The scope of the Respiratory Protection Standard was broadened by the advent of the Silica Dust standard just last year. Now employers who have employees working in areas where silica dust is present (masonry, concrete, site prep, etc.) must take steps to protect their employees from the hazards of inhalation of cancer-causing silica.

See: OSHA Regulation 29 CFR Part 1910.134

The 10 Most Common OSHA Violations in 2017

5. Lockout/Tagout (29 CFR 1910.147)

Most people assume that this standard is limited to just electrical applications. The standard states that all sources of energy (pneumatic, kinetic, hydraulic, etc.) must be locked out to prevent accidental start-up or movement of any machinery or apparatus under maintenance or repair.

In 2017, there were 2,877 citations issued for violations of this standard—the majority of which were for failure to train employees.

See: OSHA Regulation 29 CFR Part 1910.147

6. Ladders (29 CFR 1926.1053)

I can’t think of a single business that does not have some type of step ladder or step stool on site. The ladder standard was written initially for construction, but all employers are subject to citation for failure to comply. The standard requires all ladders to be inspected regularly and replaced if damaged. The standard also requires all employees to receive training on the safe use of ladders.

In 2017, there were 2,241 citations written to employers for violations of the ladder standard.

See: OSHA Regulation 29 CFR Part 1926.1053

7. Powered Industrial Trucks (29 CFR 1910.178)

Think forklifts. Failure to train and license operators of forklifts, pickers, ride-on pallet jacks and other industrial trucks is the biggest cause for the 2,162 violations in 2017.

See: OSHA Regulation 29 CFR Part 1910.178

8. Machine Guarding (29 CFR 1910.212)

In 2017, there were 1,933 citations written to employers who had moving parts of machines that were not guarded against accidental contact by an employee. Air compressors, conveyor belts, extruders, and other industrial machinery must be guarded at all points where an employee can contact a moving component.

See: OSHA Regulation 29 CFR Part 1910.212

9. Fall Protection: Training Requirements (29 CFR 1926.501)

For some reason, OSHA decided to separate violations of the fall protection standard generated by failure to train employees from the rest of the violations of this standard.

In 2017, there were 1,523 citations written for failure to properly train. I expect this number to jump significantly as employers are cited for walking/working surface and interior elevation changes now covered by this standard in general industry.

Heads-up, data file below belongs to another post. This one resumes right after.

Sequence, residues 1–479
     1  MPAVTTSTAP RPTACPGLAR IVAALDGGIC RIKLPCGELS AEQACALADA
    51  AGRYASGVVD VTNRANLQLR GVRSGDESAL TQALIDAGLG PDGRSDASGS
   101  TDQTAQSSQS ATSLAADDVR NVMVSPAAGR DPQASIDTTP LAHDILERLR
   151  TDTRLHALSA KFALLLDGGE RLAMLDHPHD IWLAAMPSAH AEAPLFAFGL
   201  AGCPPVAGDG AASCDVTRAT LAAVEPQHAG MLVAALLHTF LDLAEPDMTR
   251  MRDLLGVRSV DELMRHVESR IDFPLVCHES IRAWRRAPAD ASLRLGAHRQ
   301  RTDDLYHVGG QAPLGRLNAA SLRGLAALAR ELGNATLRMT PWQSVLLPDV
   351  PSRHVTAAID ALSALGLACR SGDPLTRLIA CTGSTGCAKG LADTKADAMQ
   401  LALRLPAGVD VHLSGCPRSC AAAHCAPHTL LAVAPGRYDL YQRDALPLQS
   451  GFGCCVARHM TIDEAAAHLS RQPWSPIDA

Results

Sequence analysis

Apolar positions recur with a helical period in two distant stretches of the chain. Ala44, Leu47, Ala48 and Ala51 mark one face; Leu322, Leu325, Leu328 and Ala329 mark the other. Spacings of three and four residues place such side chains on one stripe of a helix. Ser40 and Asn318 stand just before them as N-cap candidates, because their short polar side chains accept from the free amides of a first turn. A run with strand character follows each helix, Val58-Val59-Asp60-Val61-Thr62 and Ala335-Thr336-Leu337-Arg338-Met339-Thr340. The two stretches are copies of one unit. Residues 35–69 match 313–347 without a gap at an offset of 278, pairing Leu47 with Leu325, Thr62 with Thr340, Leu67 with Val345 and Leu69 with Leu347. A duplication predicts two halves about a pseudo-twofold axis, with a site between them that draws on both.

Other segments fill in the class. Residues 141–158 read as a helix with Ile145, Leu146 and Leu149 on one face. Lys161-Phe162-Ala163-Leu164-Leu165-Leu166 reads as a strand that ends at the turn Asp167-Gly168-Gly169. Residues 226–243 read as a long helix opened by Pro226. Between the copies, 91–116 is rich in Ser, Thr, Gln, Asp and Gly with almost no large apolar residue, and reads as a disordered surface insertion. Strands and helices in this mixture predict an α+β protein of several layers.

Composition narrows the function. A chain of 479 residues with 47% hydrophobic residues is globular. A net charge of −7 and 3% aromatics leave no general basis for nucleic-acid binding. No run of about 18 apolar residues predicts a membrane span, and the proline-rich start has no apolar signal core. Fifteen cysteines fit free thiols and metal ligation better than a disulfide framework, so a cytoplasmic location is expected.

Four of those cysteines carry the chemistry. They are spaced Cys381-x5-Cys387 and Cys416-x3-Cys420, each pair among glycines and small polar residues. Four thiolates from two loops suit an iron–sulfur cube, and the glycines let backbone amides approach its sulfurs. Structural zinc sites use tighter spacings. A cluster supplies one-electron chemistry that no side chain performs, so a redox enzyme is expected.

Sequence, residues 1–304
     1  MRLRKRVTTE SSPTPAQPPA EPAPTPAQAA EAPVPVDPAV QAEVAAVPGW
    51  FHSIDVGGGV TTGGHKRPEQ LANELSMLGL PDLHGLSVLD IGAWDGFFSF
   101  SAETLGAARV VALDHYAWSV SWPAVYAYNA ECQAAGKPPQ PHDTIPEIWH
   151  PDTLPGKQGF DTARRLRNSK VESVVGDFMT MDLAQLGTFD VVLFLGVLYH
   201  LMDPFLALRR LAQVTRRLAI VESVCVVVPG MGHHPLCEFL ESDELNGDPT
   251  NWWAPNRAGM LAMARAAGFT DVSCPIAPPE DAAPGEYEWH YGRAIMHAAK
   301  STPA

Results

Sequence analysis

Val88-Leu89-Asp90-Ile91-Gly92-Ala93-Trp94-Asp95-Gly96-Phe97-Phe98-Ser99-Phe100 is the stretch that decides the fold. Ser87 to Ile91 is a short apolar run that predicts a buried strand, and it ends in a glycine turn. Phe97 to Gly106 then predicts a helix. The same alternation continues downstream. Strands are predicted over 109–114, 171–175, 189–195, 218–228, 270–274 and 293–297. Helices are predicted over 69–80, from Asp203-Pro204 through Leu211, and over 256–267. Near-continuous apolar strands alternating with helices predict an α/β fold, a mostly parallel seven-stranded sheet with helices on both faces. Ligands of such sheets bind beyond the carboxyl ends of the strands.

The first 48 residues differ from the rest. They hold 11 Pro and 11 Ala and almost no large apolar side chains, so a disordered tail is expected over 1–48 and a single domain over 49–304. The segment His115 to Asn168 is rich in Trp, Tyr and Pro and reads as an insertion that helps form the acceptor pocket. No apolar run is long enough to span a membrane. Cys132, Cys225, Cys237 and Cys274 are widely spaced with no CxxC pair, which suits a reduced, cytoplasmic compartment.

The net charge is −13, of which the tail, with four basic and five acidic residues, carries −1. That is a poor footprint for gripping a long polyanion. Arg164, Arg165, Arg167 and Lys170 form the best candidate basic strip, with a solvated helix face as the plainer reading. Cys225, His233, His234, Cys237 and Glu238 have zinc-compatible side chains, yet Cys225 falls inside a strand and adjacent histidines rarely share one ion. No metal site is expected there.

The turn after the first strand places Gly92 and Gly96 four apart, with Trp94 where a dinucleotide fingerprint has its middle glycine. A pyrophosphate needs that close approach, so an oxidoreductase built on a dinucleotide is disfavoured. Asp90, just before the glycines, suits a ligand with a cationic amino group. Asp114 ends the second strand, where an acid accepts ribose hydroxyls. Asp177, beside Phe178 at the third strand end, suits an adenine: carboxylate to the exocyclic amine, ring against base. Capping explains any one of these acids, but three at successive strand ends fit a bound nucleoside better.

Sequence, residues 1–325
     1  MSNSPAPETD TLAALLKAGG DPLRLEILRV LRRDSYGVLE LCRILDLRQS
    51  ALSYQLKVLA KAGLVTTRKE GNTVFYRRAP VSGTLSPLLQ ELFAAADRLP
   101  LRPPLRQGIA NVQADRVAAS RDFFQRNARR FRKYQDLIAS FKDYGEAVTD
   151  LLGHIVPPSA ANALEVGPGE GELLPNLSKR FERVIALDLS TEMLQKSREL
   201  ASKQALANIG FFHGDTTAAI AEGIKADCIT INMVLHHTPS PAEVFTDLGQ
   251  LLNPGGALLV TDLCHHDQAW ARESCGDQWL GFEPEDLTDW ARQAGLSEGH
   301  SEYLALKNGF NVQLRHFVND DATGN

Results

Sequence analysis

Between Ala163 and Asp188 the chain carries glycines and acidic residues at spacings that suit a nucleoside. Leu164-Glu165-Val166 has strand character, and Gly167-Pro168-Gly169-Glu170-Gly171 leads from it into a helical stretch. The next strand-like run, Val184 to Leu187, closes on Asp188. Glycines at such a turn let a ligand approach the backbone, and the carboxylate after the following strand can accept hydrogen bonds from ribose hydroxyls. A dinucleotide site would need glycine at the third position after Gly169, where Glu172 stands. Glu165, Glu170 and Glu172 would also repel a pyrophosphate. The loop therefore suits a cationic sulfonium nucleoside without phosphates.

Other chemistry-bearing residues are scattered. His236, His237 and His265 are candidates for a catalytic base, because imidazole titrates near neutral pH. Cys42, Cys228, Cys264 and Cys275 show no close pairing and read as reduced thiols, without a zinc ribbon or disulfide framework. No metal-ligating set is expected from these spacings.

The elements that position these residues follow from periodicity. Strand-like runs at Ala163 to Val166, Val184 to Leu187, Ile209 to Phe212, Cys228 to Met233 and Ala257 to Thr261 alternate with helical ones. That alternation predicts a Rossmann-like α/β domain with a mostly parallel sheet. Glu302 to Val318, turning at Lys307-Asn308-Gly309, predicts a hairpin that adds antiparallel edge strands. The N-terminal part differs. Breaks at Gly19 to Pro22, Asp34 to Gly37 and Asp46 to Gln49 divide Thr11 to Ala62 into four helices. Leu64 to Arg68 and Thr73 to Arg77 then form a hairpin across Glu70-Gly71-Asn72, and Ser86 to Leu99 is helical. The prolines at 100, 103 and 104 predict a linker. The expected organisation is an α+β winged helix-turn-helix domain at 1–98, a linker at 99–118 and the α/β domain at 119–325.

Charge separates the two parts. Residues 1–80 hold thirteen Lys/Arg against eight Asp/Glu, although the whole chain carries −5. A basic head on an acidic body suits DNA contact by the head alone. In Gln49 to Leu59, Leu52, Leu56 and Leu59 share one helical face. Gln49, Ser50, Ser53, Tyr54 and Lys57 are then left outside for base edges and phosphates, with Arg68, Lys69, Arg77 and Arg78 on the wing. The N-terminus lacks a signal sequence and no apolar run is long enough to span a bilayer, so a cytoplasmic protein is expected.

See: OSHA Regulation 29 CFR Part 1926.501

10. Electrical Wiring Methods (29 CFR 1910.305)

This standard is cited in instances where employers attempt to make electrical connections outside of National Electric Code (NEC) guidelines. Running a machine permanently using an extension cord is an example.

In 2017, there were 1,405 citations written for violations of this standard.

See: OSHA Regulation 29 CFR Part 1910.305

Preventing These Common OSHA Violations

With the exception of fall protection training, this list has been the same for the last fifteen years or so. OSHA has levied millions of dollars in penalties against employers for violations in 2017. Thousands of employees have experienced work-related injuries associated with these common OSHA violations.

What’s an employer to do, then?

  1. First, obviously making sure that you are aware of the OSHA standards that apply to your business is paramount. Yes, there are OSHA standards that apply to every business.
  2. Second, since most OSHA standards have an employee training component, installing an employee safety program that includes employee training is vital. Making sure that new hires and temporary employees receive the same training as current employees is also very important.
  3. Third, keeping up with changes in OSHA regulations and updating your employee safety program to keep pace with the changes will help keep you noncompliance.

If you are a large company, you no doubt have an expert on staff who can manage compliance issues and prevent these common OSHA violations. Small to medium-size employers, however, don’t have the luxury of a full-time safety team. That’s where Employers Resource can help. Our team of Safety Professionals has over 100 years combined experience in OSHA compliance. We speak their language and we keep up with all the changes.

Get in touch with Employers Resource today to see how we can help.

Read more about this in our Free Safety Guide